We both worked closely with composer Thomas E Rouch. Katie and I were in search of an original score to complement and amplify the range of emotions they were exploring throughout the film.
Our skills really came to the forefront during the edit and post phase. Katie worked with an ex-colleague from Trailer Park creating the movie trailer, and Katie was also the mastermind of the marketing plan. I dealt with all the technical hand off of both the audio mix and picture conform going to other artists and post houses.
By the time we were approaching our distribution phase, although still financing the film, we felt we had assembled the ‘dream team’ for the release which could support us through sponsorship endorsements, sales and distribution management, engaging top film PR, and working with impact Producers.
We’re managing an awful lot on our own so sometimes feel like we have our own little distribution machine in our home. We’re lucky we have allowed this film to take over our lives or we just wouldn’t have been able to get it to the stage it’s at. We are incredibly supportive of each other.
What did you take away from the experience and what did it teach you about documentary filmmaking?
Katie: Making a film in Australia as an emerging filmmaker sometimes felt impossible, and at times it was. The Will To Fly was three and a half years in the making and it wasn’t easy. Finding funding for the film in the beginning was a very difficult and piece-meal process.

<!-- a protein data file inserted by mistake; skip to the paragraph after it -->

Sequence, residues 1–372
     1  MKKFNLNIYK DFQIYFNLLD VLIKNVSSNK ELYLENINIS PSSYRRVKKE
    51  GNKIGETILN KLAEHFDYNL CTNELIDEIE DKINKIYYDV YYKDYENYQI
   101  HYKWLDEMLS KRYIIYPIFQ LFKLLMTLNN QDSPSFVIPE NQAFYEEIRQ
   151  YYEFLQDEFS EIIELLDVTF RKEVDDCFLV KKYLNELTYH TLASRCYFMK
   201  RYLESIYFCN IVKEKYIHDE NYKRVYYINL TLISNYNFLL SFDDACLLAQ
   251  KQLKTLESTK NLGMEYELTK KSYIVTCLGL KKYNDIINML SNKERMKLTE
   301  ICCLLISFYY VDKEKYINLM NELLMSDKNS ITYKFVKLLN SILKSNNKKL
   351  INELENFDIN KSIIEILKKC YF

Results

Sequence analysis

After a year of struggling to find funding and get the production started, I had come to a crossroads.
I knew I had two choices. I either quit the film, or Leo and I handle everything ourselves. We chose the latter and for the first two years of shooting the film we played many roles through the production, with very little funding. Subsequently we found ourselves ‘in the depths’ of independent filmmaking, a sometimes bleak and worrisome place, but we had a newfound motivation to conquer this project on our own terms. Having said that, we have both vowed to never be in that position again as it is completely unsustainable, and we are by no means saying it is a necessary path for all emerging filmmakers. Leo was just as dedicated to this project as I was, I couldn’t have made it without him.
What I took away from the experience, and would advise for emerging documentary filmmakers:
The film premieres on International Women’s Day – was this an important part of the message of the documentary?
Katie and Leo: The Will To Fly has a very clear social impact focus, to make people think, feel and act differently around the issues affecting women in sport.
At a convenient release date for us, International Women’s Day was the perfect day to synergise with to bring more focus to this movement. This is primarily a changing minds impact campaign, bringing awareness and driving a positive change in community attitudes and beliefs around gender equality.
We also have an educational premiere, which will be held at the Lido Cinema on 10 March where we will be promoting the launch of our Educational Study guide. The guide will be placed into the Australian curriculum in 2016, primarily targeted at years 7-12 and tertiary students.
What message do you hope audiences will take away after viewing The Will to Fly?
Despite any setback, if you truly believe in something, and set your mind to it, you can achieve anything in life.
The Will to Fly is released nationally in cinemas on 10 March.
Read original interview here.